Friday, 2 October 2015

TIME TO ORDER SPRING BULBS



TIME TO ORDER SPRING BULBS

The summer flowers in tubs, baskets and borders are still flowering in great profusion, but as autumn is not too far away we need to plan ahead for the spring displays that will replace them once the cold weather arrives to put an end to the blossom.
In past times you could expect frosts in October and snow in November, but climate change has pushed back the cold weather so summer flowers continue to bloom well beyond their normal season. However, next years bedding plants of wallflower, pansies, myosotis and polyanthus will want to be planted in October with tulips, hyacinths and crocus planted between them. Now is the time to be ordering these bulbs from suppliers online or from garden centres while they are in stock and before they clear everything out to replace them with the Christmas trees and decorations.
I did a fair bit of planning last spring looking at my existing bulb displays and noting gaps to be filled and new landscape planting to be tidied up. One drift of crocus has too many yellow bulbs so I will add more purple, white and striped crocus.
In another area underneath my apple trees, I have a large drift of blue pulmonaria which I will enhance with an underplanting of dwarf red and yellow early flowering tulips.
Next to it one massive ceanothus shrub died out and was replaced with a large group of the yellow flowering doronicums. I will add to their spring display with a batch of early red tulip Red Riding Hood, which should contrast perfectly with the yellow flowers.
Another newly landscaped area with peonies, which are excellent as ground cover, I will plant a large drift of the tall Darwin Hybrid tulips to flower in spring before the peonies need the space. The display will be further enhanced with a planting of tall scented oriental lilies for the mid to late summer display, by which time the peonies are all finished.
Every year fresh tulips, hyacinths and crocus are purchased for planting in between the spring flowers in tubs and borders, then when they are finished I always find a spot in the garden for the old bulbs which will naturalise and spread from year to year.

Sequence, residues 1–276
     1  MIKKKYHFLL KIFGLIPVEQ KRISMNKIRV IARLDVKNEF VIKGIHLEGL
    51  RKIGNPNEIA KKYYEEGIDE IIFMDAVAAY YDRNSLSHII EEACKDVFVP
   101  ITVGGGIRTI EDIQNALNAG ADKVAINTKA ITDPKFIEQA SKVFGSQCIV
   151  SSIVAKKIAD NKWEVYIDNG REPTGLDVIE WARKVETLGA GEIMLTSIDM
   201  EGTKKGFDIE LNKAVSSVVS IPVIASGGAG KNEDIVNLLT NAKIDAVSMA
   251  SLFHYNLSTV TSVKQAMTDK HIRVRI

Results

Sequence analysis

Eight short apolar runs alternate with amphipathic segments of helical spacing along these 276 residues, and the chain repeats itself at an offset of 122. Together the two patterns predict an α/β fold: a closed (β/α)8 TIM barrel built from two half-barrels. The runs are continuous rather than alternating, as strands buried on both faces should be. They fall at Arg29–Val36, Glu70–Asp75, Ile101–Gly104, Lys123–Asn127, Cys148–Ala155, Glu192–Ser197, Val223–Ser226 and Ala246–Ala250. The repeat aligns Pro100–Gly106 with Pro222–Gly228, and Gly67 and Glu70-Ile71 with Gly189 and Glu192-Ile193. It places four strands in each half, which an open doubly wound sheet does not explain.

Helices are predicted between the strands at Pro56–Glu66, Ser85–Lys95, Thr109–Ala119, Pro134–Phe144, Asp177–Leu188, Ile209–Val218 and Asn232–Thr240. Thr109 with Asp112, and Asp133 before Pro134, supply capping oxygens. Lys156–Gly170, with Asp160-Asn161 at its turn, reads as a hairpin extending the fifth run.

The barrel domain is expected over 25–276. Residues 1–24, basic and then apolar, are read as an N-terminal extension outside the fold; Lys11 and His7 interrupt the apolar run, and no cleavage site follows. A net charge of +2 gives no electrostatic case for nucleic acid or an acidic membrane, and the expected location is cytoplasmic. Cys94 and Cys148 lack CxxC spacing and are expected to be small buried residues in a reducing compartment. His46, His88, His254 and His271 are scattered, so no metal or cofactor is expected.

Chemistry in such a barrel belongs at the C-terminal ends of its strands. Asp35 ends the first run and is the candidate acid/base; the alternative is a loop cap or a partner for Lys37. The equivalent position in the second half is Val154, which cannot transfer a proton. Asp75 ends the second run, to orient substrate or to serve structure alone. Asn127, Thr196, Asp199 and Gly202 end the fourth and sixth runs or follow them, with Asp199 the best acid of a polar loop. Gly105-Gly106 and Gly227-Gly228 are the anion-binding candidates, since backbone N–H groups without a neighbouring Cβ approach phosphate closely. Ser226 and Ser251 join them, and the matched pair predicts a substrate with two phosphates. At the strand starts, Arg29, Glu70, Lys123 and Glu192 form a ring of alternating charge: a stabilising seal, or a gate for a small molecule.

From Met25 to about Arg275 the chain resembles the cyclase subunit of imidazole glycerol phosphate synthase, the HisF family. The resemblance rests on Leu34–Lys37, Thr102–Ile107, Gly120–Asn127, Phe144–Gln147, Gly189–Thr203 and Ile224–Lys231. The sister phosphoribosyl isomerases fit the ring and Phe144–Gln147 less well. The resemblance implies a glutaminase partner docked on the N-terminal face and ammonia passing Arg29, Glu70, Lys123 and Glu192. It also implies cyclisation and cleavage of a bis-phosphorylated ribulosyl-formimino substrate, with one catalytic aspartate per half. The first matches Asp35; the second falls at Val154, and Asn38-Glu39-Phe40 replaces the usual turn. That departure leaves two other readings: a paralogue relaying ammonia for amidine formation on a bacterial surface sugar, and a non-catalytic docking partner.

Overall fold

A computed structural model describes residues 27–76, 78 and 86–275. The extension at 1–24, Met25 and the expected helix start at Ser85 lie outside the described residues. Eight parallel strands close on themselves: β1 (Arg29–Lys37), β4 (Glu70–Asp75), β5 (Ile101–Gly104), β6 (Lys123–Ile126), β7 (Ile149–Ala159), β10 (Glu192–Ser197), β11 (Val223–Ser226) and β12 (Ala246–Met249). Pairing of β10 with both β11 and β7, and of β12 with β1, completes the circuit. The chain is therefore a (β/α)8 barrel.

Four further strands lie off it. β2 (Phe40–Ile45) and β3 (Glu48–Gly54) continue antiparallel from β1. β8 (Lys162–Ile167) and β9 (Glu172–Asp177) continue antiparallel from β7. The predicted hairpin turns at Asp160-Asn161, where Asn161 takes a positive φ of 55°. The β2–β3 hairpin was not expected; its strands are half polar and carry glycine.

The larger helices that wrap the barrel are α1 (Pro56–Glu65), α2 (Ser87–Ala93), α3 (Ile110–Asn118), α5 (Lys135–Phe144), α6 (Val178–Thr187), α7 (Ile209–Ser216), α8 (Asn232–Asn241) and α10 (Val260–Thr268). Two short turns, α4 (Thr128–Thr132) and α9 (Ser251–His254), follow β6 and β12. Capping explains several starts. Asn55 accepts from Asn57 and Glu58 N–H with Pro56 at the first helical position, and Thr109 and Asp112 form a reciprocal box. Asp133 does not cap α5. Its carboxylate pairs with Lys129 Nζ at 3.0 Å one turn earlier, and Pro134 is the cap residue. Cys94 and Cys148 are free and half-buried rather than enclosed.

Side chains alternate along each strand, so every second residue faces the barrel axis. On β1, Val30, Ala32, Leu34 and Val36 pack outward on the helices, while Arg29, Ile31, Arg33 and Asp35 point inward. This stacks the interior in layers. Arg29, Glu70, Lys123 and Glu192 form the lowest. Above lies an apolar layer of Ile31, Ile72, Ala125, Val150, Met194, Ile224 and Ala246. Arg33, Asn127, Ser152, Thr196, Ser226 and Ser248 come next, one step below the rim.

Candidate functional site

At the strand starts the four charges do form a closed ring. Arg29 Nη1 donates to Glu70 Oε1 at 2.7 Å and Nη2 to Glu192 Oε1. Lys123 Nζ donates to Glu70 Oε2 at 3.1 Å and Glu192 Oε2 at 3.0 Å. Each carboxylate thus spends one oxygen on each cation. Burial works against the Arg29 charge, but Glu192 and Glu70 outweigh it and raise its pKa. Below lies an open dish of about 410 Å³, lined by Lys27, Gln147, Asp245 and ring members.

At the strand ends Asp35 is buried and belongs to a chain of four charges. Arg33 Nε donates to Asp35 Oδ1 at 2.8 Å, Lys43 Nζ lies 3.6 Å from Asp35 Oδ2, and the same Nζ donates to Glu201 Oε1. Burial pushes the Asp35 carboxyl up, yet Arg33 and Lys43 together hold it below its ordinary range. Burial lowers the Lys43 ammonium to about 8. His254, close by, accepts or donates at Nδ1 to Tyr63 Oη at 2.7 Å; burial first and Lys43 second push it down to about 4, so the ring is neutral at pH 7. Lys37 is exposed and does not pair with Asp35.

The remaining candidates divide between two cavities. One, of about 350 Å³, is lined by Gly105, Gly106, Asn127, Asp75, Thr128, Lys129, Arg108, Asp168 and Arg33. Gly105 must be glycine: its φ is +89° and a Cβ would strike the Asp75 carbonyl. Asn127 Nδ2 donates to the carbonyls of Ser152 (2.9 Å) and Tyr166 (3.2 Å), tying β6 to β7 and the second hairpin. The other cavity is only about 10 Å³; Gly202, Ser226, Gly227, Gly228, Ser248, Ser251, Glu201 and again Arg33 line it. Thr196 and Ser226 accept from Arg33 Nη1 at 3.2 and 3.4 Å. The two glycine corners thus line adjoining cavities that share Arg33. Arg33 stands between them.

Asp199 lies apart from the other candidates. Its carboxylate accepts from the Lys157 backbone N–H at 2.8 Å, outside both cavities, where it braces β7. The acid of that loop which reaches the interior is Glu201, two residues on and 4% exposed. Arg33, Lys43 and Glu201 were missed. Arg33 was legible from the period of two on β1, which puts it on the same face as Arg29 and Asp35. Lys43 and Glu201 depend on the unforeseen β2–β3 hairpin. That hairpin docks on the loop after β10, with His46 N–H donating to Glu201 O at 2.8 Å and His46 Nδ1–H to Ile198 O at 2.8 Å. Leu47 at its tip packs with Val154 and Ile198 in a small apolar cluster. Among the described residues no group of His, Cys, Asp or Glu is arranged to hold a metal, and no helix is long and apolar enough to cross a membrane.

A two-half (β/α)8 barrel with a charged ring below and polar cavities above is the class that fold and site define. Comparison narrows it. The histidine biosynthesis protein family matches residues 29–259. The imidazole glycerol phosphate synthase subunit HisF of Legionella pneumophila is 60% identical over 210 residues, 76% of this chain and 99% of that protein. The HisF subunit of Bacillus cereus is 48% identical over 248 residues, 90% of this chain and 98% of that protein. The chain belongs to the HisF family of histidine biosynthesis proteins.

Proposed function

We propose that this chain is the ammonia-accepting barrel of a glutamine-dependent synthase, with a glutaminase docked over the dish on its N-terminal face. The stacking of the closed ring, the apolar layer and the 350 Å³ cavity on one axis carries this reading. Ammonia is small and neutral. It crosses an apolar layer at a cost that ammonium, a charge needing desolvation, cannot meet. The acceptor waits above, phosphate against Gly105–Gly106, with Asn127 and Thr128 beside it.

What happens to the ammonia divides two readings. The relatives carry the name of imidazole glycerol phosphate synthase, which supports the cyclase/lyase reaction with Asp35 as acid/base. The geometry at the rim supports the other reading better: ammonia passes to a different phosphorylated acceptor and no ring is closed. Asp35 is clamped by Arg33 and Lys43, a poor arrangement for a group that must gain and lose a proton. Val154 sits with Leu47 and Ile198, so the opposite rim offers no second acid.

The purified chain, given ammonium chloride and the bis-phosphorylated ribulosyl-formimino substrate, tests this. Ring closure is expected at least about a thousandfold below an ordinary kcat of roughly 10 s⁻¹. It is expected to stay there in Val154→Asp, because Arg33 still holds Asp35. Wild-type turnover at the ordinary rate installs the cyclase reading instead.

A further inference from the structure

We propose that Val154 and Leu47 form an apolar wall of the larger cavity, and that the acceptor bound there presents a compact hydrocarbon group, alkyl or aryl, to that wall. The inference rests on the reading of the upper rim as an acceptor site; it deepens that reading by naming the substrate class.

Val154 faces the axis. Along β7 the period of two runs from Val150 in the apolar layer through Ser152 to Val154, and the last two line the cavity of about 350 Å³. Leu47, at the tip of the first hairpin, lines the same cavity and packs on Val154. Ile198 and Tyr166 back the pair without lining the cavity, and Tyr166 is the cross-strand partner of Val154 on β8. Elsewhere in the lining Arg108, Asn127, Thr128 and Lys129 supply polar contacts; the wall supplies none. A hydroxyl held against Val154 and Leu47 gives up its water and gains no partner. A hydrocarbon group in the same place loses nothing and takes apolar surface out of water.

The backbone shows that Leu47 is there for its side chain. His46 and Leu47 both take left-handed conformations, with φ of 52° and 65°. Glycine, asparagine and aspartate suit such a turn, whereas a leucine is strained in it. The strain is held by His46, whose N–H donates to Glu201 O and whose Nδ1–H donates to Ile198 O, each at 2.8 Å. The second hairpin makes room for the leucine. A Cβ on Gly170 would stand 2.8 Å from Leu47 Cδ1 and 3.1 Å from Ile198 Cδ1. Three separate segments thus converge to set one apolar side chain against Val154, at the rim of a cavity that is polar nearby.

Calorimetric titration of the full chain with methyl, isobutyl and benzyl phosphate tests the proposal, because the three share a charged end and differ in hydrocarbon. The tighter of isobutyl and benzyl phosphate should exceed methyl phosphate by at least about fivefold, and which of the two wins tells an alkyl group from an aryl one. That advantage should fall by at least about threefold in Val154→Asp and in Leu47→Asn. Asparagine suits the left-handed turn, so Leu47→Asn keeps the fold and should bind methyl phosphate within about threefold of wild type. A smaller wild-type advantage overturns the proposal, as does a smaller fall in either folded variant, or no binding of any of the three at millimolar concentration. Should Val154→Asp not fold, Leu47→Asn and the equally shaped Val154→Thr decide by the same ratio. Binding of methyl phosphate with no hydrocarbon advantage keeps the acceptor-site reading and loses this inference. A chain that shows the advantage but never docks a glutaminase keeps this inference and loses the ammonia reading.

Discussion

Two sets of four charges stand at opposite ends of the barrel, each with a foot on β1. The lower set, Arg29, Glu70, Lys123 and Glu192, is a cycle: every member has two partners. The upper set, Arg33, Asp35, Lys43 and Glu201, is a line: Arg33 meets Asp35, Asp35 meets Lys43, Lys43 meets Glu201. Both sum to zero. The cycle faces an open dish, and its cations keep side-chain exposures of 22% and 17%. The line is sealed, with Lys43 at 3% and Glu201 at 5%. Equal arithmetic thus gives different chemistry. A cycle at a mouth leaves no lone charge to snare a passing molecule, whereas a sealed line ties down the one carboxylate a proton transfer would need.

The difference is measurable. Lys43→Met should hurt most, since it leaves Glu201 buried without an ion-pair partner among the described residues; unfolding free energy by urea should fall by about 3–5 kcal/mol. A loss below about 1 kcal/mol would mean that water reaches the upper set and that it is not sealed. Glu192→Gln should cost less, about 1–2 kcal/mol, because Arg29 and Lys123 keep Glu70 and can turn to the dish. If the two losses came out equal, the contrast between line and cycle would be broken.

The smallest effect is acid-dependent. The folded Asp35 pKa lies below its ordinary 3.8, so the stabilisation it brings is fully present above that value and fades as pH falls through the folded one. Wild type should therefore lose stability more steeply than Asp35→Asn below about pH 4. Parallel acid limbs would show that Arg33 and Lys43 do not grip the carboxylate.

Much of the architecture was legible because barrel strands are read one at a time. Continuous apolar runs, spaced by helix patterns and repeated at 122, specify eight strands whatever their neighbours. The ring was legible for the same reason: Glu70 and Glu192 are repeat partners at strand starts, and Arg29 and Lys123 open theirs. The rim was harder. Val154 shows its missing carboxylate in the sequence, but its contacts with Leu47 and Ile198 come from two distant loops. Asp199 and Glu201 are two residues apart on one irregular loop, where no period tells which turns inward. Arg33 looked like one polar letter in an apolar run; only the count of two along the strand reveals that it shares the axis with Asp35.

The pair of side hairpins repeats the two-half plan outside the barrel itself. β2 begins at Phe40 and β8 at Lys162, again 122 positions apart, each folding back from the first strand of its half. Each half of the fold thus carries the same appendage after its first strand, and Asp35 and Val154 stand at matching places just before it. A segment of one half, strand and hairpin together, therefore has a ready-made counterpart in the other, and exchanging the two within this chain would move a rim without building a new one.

Some bulbs will spread very readily themselves from seed. Aconites, snowdrops, crocus, anemone blanda and grape hyacinths are all easy to grow and spread from their own seed but grape hyacinth can become very invasive so be careful where you put them.
Although there has been a fair bit of mild winters since 2010, it is still very pleasing to see the arrival of the first flowers in late winter. This is normally the snowdrops and aconites, though I had snowdrops in flower last December. It is a good idea to plant these snowdrops and aconites where they can be seen from the comfort of a warm room.

The next spring display is often the crocus, so I try to enhance this show by adding more bulbs every year into the existing drifts. These are quickly followed by the daffodils and narcissi, so find some room for these under deciduous trees and shrubs and around plants in the herbaceous border.
When the tulips arrive you know that the spring is here and warm weather will allow you to have your coffee breaks outdoors in the sunshine. This is when the patio comes back into use so make sure a lot of the displays are in this area and use plenty of hyacinths to add scent to the atmosphere.

Wee jobs to do this week

Now that the lawn grass growth is starting to slow down we can start on the autumn renovation work. Any bare patches can be top dressed with some sterilised top soil or compost and sown with a fine lawn seed mixture as there is still time for germination before winter arrives. Any lawn with a moss problem can be treated with lawn sand, or you can buy in some sulphate of iron and mix a dessert spoonful to the gallon and water it over the moss. This will kill the moss and feed the grass.
Later on in October lawns can be scarified to remove surface thatch (accumulations of dead leaves) then aerated with a fork. Fill in the holes with an autumn lawn compost containing a slow release fertiliser and brush it in.

END

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